Sitting on top of this wooden box is the plastic holders that I've had for some time to hold my Coleman lanterns in. I have always hated them. They are flimsy, cheaply made, and have on at least one occasion come loose from the bottom and broken the globe on one of my lanterns. I just never have taken the time to build something better.
Well, after going fishing a few weeks ago, and the latch mechanism completely failing on one of them and me almost breaking another globe, I was not putting it off any longer.
Here is a view of the top with it open. The lantern sitting on top is the newest lantern I have. My wife and kids bought me that one for Father's Day several years ago. Most of my lanterns are old ones. I prefer the old ones because they can be rebuilt. The new style, the ones that run on propane, are pretty much junk if they ever act up. On these old style ones, you can replace the globe, pumps, generators, and I also have a few extra lanterns around for the odd parts that you cannot buy in the stores, like lids and such.
I have several old lanterns that were made over thirty years ago. I pick them up at yard sales for a dollar or two a piece. Usually, you disassemble them, clean the dirt dobbers out of them, reassembly, put new mantles on them, and fire them up.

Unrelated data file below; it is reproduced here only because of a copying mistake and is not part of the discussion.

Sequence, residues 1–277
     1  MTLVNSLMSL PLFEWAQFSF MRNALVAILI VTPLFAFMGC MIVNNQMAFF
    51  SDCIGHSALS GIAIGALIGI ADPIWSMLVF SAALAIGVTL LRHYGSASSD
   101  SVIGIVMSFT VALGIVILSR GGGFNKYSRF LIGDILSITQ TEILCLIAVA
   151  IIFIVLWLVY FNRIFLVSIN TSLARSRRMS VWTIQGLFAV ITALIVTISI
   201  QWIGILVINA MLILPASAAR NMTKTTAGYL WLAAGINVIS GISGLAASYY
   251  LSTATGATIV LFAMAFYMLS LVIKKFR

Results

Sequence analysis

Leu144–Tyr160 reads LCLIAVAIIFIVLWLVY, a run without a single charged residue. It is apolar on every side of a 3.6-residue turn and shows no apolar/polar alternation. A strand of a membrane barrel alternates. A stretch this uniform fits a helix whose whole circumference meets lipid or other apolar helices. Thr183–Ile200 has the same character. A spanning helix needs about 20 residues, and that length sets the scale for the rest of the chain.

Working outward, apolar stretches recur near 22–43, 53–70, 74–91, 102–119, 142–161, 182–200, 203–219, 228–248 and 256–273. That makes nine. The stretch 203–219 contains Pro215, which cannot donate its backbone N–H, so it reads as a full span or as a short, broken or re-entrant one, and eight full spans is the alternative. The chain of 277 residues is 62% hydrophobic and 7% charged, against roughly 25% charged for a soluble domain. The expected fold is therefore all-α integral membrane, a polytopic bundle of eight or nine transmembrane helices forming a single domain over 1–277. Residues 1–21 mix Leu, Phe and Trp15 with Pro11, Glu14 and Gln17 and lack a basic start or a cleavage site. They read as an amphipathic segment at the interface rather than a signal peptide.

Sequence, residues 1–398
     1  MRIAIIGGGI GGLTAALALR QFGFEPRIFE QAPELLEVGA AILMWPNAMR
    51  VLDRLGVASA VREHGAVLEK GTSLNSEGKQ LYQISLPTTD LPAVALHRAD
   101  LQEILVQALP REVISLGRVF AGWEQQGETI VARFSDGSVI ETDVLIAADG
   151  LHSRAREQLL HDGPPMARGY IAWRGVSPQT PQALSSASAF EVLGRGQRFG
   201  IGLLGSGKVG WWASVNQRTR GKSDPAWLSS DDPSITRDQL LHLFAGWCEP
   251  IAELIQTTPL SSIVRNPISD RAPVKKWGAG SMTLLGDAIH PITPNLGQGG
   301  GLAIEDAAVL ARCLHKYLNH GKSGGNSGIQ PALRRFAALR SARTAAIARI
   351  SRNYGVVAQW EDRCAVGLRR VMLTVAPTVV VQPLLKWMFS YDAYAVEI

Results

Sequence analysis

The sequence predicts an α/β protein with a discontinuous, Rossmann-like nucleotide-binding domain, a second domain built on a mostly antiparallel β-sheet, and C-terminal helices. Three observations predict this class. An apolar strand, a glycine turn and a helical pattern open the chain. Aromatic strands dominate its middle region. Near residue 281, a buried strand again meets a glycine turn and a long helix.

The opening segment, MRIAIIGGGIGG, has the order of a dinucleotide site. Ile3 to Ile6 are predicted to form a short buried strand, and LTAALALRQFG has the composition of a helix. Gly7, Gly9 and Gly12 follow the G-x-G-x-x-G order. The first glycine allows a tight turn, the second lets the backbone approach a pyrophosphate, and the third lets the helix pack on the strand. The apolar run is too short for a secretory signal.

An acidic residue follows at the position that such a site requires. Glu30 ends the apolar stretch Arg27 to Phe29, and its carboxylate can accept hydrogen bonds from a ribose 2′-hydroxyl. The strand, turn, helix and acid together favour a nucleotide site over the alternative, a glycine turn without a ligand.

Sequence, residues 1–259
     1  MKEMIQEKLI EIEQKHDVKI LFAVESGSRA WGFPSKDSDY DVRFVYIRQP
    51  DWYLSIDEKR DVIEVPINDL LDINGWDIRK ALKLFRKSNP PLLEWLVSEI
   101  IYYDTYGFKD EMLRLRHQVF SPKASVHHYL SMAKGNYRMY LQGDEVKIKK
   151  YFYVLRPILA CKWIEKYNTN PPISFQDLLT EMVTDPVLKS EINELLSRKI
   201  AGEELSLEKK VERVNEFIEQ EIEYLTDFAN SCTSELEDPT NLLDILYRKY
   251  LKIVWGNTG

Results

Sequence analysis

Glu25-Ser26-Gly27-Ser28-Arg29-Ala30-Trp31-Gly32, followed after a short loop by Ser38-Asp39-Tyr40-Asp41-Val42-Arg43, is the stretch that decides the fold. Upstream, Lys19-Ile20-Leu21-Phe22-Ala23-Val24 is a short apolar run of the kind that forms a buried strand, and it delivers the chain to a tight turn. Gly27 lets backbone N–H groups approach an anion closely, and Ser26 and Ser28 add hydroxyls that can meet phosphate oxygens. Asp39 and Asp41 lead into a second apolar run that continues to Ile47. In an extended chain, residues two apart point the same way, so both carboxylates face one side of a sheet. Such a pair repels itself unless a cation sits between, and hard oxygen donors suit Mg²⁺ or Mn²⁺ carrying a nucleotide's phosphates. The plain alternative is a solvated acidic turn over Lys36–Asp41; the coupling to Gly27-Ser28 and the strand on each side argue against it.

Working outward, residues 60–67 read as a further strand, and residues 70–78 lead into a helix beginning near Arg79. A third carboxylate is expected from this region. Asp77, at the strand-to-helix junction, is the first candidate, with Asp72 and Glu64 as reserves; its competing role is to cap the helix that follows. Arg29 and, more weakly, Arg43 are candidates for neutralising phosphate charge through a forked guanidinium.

This is my small box. It holds three lanterns. I carry these three, my favorite ones, when I go night fishing. They are my go-to lanterns. The fourth compartment accessories like extra mantles, a lighter, funnel for adding fluid, and an extra pump (just in case).
Here is the small box with the lid shut. I added a hasp and pin clip just to make sure it stays closed until I am ready to open it.
Next I built a long box. This one holds the lanterns we carry when the whole family goes camping. These don't see much use, but I wanted a safe storage place for them as well. Since these only get used when we go as a family, I made one long box that holds them all. The lid opens in three sections so you can pull out just a couple at a time. The ends have hollowed out handles so one person can get at each end and carry the box.
The long box holds seven lanterns. When we camp, we'll load this box and the small one. This makes ten lanterns. Since I think that's enough to light up a small Army camp, I believe it'll be enough.
These boxes were made from cottonwood, using hardware that I've saved off of old junk (I'm a pack rat), and plywood lids. They aren't pretty, but that is the point of why I built them as I done. Every piece of wood in these projects is wood that I would have normally cut up for fire wood. So I wasted no good wood to make them. That makes them even better for the purpose they serve in my opinion. I do want to go back at a later date and add some kind of exterior wood protection on them.